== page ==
Sarkowsky’s alteration, with the theme of American dream become American Catastrophe, is not surprisingly a popular motif, given the relentlessly upbeat tone of the original illustrations. Demi Raven turns a woodsy pond in a suburban park into a toxic-looking Superfund site reminiscent of Brooklyn’s Gowanus Canal, the greenery entirely replaced with lifeless dirt, the sky gone from blue to brown, all executed in perfect Paint by Numbers style. Aaron Huffman places a balding businessman sprawled out in a pasture to a picture of a horse and pony, whose attention he appears to attract; the title “Out to Pasture” makes clear its topical spin. Mary Iverson encircles a postcard farm with her signature giant shipping containers; John Brophy fills a stallion’s mouth with lovingly painted hundred-dollar bills. Most ambitious of all is a reworked pastoral triptych by the brilliant art prankster Mike Leavitt, in which a hard-hatted utility crew is busy replacing every landscape element – including waterfall and sky – with molded, metallic counterparts. Here is a dystopic fantasy bringing the element of irony to a nearly fever pitch.
Equally successful are those pictures where the artists decide to push the calendar art original into the zone of the bizarre. Jeff Mihalyo floats a colossal godlike head with a smoking skyscraper crown into an alpine scene, the apparition staring down a tiny gesturing figure in the valley below. Chris Crites turns a sailing ship at sea into a surrealist vision by precisely covering selected original colors with Day-Glo orange and violet replacements; that, plus a giant, airborne squid, quite effectively change the mood and effect. Kurt Geissel substitutes blinking LEDs for the painted eyes of a pair of too-cute cats; the eerie Cyber Cats that result are no one’s idea of cute.
Most intriguing are the pictures where the artists have taken even more radical steps. Bill Blair, working independently in Victoria, BC, was prepared and willing to contribute huge, Paint by Numbers photo backdrop cloth to the outside of the Bumbershoot booth, as well as a set of PBN panels turned into appropriately accessorized guitars. Robert Hardgrave displayed both the empty frame from his original PBN still life, as well as the four-legged creature sculpted from the cut-up and reassembled panel. Elizabeth Jameson converted the same farm that served Mary Iverson into a frenetic, night time scene that looks like the crazy spawn of Peter Max, George Seurat, and Paul Cezanne.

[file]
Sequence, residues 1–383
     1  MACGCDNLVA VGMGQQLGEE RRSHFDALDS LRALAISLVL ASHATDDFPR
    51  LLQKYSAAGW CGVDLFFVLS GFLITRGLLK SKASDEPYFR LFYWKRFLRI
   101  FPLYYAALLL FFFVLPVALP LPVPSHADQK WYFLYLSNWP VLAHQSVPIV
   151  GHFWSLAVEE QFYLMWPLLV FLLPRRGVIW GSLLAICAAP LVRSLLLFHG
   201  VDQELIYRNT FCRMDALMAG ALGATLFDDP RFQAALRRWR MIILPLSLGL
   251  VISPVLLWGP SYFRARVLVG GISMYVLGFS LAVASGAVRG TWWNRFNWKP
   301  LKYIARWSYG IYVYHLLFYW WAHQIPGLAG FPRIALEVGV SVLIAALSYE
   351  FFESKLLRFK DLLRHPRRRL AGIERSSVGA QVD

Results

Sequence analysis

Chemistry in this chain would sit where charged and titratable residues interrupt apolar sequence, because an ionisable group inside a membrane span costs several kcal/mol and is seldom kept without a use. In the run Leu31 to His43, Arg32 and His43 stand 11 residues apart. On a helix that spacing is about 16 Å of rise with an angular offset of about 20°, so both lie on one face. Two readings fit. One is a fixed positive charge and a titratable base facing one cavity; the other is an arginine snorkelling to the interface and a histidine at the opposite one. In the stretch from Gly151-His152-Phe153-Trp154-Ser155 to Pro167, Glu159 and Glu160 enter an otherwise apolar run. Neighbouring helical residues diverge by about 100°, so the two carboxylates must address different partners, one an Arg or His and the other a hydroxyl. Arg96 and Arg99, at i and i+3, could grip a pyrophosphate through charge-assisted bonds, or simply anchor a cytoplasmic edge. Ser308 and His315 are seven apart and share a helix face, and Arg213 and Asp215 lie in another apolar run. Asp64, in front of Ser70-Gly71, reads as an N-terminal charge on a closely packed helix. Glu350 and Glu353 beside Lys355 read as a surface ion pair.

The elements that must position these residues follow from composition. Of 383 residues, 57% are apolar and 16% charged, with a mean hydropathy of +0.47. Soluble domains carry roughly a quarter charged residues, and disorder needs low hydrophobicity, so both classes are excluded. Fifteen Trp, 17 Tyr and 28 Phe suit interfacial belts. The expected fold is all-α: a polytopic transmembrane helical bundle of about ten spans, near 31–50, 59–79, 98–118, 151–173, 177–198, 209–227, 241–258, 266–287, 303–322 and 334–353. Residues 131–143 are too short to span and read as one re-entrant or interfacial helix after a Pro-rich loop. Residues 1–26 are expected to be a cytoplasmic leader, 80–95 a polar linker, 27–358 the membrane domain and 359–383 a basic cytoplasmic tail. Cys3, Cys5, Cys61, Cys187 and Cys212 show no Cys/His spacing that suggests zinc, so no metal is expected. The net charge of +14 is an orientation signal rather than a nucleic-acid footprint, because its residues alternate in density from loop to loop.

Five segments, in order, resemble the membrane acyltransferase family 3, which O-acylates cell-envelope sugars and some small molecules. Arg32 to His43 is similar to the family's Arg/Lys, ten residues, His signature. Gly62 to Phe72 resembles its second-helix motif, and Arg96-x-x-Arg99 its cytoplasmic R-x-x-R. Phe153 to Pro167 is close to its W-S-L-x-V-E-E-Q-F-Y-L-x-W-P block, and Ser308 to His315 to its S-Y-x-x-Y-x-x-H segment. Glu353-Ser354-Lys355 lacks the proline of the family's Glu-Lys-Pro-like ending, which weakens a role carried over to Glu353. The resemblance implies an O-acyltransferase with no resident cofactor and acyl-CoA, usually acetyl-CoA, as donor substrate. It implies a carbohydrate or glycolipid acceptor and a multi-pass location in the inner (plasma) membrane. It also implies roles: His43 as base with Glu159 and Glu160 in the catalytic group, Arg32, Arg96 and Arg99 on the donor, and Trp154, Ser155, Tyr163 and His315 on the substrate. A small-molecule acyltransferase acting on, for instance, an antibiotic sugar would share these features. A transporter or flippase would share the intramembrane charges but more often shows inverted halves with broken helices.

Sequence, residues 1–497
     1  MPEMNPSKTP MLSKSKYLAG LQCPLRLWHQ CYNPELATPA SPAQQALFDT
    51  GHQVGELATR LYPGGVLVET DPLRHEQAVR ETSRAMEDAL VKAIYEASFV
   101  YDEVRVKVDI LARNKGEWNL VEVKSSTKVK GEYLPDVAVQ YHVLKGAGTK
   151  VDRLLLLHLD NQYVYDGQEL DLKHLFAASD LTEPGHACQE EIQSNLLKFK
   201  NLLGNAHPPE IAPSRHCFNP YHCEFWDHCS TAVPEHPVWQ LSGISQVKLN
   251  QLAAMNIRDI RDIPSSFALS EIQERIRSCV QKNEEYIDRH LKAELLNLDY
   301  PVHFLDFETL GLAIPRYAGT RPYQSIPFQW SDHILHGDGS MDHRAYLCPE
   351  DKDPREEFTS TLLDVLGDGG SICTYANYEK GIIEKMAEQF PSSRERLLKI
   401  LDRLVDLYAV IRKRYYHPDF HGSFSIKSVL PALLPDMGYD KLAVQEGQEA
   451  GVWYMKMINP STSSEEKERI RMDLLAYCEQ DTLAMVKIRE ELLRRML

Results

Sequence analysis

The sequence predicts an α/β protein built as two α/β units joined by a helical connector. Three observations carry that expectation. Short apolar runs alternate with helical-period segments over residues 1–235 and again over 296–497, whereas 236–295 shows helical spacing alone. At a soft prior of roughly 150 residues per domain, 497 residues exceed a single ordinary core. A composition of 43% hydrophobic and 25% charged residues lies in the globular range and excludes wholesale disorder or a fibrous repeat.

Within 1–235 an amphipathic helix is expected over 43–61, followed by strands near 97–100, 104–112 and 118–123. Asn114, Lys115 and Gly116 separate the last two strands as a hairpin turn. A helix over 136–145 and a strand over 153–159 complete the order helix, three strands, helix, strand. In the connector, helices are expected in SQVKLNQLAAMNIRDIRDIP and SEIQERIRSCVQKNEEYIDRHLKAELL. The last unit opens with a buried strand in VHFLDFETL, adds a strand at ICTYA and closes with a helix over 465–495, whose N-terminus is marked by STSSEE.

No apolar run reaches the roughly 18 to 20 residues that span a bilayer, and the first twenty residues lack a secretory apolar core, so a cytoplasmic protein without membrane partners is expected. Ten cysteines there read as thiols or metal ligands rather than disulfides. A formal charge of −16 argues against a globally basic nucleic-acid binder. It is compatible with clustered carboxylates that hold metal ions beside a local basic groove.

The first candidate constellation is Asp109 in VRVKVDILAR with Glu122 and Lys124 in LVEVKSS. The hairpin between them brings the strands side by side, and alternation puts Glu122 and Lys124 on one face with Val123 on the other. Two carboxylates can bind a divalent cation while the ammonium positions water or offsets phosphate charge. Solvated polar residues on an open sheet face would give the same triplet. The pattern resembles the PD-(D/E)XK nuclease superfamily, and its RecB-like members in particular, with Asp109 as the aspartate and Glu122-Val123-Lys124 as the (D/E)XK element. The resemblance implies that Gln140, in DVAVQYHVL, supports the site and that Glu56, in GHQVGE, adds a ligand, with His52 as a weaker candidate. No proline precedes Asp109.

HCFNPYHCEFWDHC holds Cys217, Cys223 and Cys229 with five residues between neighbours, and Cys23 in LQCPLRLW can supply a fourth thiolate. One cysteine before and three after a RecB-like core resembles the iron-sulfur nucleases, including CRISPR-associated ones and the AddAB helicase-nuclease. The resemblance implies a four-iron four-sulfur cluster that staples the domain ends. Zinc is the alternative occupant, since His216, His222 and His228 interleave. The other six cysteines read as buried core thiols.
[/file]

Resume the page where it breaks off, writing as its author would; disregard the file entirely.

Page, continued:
Perhaps the piece-de-resistance of the entire enterprise is the reworking of Gainsborough’s Blue Boy by multi-media artist Janet Galore. The underlying painting is itself an appropriation by the Paint By Numbers team of a classic British portrait by the pioneer English society artist Thomas Gainsborough, of a handsome young aristocrat in silks and satins. In Galore’s version, two flaps of canvas painted to resemble skin have been folded back from the Boy’s chest and are held open by surgical pins; revealed inside are the internal organs, from lungs and heart to intestines. The boy’s pastoral surroundings and confident pose remain unaltered.
Here the cultural references are various indeed, from the Visible Man plastic toy anatomical figure dating from the same mid-century American cultural milieu, to the macabre half-head/half skull sculptures of historical Netherlandish art. Both the original Blue Boy and it’s Paint by Numbers counterpart were the products of times of prosperity, expansion, and cultural self-satisfaction; Galore confronts us with our current terminal sense of both social and personality vulnerability.
Even if today’s artists were to create new follow-the number painting kits, what images would they be, and who would want to paint them? Irony and elegy, and a taste for the bizarre aren’t good bets for a hobby shop best-seller.